Ecology And Morphological Variations In Wings of Phlebotomus Ariasi (Diptera: Psychodidae) in the Region of Roquedur (Gard, France): A Geometric Morphometrics Approach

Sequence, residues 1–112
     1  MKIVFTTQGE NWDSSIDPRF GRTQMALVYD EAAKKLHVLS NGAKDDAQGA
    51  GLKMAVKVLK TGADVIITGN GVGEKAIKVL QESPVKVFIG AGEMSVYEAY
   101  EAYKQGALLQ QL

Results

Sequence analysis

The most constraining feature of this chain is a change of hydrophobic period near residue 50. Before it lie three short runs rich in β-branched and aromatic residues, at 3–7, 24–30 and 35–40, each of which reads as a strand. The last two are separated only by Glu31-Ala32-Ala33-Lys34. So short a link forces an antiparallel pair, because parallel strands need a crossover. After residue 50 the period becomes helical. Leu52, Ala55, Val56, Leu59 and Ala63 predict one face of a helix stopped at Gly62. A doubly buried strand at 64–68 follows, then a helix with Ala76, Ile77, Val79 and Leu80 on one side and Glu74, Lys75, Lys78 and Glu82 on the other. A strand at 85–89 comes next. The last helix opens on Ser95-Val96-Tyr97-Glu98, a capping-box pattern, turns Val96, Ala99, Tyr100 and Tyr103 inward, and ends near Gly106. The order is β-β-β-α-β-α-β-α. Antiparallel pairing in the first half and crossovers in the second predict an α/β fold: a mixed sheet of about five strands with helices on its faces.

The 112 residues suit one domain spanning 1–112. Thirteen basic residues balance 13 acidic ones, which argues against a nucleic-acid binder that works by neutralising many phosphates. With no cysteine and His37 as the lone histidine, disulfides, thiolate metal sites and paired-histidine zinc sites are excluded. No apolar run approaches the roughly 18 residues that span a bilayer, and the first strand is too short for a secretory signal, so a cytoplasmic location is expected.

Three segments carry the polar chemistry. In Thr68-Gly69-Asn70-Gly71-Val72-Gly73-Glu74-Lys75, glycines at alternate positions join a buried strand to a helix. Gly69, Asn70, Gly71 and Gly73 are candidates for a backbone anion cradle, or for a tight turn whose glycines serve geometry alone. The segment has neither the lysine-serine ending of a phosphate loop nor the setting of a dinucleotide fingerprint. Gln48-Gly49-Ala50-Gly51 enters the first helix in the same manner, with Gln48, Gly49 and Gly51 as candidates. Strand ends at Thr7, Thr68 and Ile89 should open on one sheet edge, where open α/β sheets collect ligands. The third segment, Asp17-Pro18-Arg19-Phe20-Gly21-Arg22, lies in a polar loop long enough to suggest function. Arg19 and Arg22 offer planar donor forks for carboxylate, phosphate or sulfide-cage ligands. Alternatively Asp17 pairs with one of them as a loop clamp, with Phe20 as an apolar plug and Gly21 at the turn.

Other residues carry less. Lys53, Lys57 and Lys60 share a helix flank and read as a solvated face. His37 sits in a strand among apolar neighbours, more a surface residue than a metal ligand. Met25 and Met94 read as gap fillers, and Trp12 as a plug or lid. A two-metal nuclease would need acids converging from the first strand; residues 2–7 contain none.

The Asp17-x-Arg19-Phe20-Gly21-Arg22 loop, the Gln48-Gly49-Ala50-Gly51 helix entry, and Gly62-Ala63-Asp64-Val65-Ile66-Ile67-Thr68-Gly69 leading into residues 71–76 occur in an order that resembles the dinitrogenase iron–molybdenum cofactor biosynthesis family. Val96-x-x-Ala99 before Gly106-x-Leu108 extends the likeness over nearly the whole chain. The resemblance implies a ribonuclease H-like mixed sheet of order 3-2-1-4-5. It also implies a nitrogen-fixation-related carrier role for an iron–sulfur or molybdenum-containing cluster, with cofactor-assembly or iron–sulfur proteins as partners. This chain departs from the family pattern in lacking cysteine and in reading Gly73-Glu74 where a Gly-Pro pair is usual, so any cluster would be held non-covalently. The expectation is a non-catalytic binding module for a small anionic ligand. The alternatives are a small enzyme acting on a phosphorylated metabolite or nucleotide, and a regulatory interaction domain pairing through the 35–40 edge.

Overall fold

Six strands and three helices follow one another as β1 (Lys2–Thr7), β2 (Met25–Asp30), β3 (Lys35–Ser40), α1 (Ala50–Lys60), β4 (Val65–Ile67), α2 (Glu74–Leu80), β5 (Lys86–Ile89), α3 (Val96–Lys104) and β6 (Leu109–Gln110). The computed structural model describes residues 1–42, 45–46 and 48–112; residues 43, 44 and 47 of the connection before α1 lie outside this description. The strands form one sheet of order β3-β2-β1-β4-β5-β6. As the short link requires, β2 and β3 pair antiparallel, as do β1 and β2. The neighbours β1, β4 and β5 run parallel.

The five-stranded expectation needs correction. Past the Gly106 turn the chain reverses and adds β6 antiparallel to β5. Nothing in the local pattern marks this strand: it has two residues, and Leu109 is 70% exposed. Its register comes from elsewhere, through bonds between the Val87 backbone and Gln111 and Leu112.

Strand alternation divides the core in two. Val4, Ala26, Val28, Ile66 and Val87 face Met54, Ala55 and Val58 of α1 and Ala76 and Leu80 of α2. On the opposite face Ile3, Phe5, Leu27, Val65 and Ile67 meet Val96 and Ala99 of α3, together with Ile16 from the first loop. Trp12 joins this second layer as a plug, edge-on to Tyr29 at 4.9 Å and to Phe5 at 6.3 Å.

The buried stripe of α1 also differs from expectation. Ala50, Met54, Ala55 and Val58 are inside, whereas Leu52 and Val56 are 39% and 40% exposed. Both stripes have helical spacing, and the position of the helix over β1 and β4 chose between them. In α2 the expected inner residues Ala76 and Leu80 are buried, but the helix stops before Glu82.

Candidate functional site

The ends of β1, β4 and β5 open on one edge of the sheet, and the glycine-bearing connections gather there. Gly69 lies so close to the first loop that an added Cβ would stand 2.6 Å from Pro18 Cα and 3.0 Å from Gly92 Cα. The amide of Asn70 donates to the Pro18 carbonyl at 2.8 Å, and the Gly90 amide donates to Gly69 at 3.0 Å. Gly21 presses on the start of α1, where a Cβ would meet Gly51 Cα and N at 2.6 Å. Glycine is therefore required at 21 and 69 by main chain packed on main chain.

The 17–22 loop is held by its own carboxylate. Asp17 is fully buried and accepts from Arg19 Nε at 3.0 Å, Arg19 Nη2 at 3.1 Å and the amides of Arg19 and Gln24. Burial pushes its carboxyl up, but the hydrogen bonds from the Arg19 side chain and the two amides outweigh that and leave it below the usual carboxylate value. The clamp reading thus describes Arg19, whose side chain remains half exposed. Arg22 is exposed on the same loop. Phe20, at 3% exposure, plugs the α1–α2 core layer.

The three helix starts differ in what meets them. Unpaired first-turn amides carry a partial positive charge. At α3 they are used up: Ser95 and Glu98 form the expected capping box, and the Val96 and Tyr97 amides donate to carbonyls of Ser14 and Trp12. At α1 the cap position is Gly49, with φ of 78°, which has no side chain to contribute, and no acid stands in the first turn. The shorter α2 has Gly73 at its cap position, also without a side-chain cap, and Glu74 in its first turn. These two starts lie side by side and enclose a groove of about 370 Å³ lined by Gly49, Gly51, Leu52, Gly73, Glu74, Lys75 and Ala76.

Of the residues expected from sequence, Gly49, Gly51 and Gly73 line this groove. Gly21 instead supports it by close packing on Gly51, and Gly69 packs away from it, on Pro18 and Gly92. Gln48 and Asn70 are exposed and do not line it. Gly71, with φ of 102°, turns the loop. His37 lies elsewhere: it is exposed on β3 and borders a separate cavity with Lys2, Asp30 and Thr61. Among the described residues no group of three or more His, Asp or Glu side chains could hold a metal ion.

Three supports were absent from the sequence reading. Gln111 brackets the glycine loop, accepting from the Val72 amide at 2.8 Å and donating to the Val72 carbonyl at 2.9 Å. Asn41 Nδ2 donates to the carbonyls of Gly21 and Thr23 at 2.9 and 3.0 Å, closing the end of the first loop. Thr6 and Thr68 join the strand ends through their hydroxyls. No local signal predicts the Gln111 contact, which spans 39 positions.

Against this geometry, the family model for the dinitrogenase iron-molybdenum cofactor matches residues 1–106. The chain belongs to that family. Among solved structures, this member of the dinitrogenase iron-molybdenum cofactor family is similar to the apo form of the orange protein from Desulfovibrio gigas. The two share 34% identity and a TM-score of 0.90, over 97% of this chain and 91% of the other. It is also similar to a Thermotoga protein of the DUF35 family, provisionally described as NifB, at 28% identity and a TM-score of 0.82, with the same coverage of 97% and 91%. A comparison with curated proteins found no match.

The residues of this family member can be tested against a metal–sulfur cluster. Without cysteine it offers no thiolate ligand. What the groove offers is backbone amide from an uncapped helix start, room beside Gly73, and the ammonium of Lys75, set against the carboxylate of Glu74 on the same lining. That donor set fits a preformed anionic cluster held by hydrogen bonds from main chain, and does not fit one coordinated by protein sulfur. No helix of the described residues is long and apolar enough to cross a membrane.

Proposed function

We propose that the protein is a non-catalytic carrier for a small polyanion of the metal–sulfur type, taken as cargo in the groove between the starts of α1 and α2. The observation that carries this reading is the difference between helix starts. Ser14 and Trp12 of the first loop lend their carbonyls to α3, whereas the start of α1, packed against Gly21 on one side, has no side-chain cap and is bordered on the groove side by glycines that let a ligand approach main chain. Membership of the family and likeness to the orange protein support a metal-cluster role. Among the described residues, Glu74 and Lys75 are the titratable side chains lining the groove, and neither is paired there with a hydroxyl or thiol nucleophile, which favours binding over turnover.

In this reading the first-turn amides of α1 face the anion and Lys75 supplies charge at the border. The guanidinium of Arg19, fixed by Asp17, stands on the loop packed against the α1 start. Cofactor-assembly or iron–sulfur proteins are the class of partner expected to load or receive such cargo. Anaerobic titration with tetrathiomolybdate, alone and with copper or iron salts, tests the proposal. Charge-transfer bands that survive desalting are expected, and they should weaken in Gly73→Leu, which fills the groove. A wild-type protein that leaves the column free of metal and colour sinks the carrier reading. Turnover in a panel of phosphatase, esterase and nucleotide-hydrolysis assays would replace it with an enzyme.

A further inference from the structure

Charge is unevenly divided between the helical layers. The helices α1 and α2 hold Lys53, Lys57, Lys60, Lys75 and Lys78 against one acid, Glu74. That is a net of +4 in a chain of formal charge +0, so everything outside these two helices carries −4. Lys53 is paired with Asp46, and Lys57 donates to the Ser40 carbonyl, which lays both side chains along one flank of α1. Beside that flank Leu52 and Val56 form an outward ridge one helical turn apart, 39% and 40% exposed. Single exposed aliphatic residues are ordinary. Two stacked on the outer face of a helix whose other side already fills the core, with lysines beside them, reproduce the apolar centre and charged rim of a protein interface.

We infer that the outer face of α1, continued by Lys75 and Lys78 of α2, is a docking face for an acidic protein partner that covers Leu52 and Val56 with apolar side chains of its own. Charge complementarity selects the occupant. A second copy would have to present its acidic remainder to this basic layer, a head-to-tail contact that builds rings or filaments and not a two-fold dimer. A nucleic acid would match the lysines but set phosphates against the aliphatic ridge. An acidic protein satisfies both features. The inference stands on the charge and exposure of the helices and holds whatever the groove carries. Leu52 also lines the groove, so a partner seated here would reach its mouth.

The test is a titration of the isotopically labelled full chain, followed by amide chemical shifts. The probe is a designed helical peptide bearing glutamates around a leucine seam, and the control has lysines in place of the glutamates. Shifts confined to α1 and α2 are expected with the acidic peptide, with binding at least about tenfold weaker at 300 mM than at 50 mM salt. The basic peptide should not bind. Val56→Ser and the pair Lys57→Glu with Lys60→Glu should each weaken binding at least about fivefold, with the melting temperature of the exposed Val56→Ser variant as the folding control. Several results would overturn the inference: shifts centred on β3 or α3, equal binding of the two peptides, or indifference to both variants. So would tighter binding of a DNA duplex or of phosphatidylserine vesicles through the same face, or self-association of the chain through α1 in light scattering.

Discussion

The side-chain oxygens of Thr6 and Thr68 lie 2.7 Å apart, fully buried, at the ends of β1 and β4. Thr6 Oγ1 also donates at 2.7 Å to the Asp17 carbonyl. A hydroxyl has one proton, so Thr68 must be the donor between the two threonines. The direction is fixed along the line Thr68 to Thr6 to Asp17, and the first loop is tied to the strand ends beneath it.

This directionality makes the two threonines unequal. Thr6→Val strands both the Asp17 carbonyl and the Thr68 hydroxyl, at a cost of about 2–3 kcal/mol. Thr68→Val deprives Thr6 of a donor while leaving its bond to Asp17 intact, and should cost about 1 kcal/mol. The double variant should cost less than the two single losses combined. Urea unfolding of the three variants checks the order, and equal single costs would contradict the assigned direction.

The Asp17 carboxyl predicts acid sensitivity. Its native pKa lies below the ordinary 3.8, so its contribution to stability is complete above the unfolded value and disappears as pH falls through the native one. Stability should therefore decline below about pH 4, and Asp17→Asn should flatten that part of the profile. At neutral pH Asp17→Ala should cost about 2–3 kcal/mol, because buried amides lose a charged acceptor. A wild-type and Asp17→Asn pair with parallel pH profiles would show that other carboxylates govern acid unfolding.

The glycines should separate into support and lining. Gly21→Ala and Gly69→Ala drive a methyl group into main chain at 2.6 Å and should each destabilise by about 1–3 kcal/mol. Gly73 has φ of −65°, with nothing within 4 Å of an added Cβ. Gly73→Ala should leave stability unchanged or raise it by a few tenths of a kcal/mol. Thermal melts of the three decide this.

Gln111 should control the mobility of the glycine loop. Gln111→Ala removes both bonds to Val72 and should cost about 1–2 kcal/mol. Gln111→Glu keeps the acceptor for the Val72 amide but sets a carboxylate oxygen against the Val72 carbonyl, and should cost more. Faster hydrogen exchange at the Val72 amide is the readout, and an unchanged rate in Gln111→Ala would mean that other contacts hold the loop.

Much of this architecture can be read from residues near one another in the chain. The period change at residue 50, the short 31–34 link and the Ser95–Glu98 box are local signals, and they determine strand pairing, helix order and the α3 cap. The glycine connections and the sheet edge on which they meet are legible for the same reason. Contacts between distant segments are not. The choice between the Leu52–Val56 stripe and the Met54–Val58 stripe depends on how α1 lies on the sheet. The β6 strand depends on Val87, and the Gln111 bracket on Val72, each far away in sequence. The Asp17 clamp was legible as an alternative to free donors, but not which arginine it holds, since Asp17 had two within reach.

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Background Phlebotomus ariasi Tonnoir, 1921, is the predominant sand fly species in the Cevennes region and a proven vector of Leishmania infantum, which is the main pathogen of visceral and canine leishmaniasis in the south of France. Even if this species is widely present in Western Mediterranean countries, its biology and ecology remain poorly known. The main goals of this work are to investigate the phenotypic variation of P. ariasi at a local scale in a region characterized by climatic and environmental fluctuations, and to determine if slope and altitude could affect the sand fly phenotypes. Results Sand flies were captured along a 14 km-long transect in 2011 from May to October. At the same time, environmental data such as altitude and slope were also collected. Morphological analysis of P. ariasi wings was performed by a geometric morphometrics approach. We found morphological variation among local populations of P. ariasi. Strong shape and size variations were observed in the course of the season (particularly in June and July) for both genders. During June, we highlighted differences in wing phenotypes according to altitude for both sexes and to slope and station for females. Conclusions The phenotypic variations observed in P. ariasi along the studied transect indicated these populations are subjected to environmental pressures. Nevertheless, it seems that sand flies are more sensitive to extrinsic factors in June and July, suggesting a phenotypic plasticity.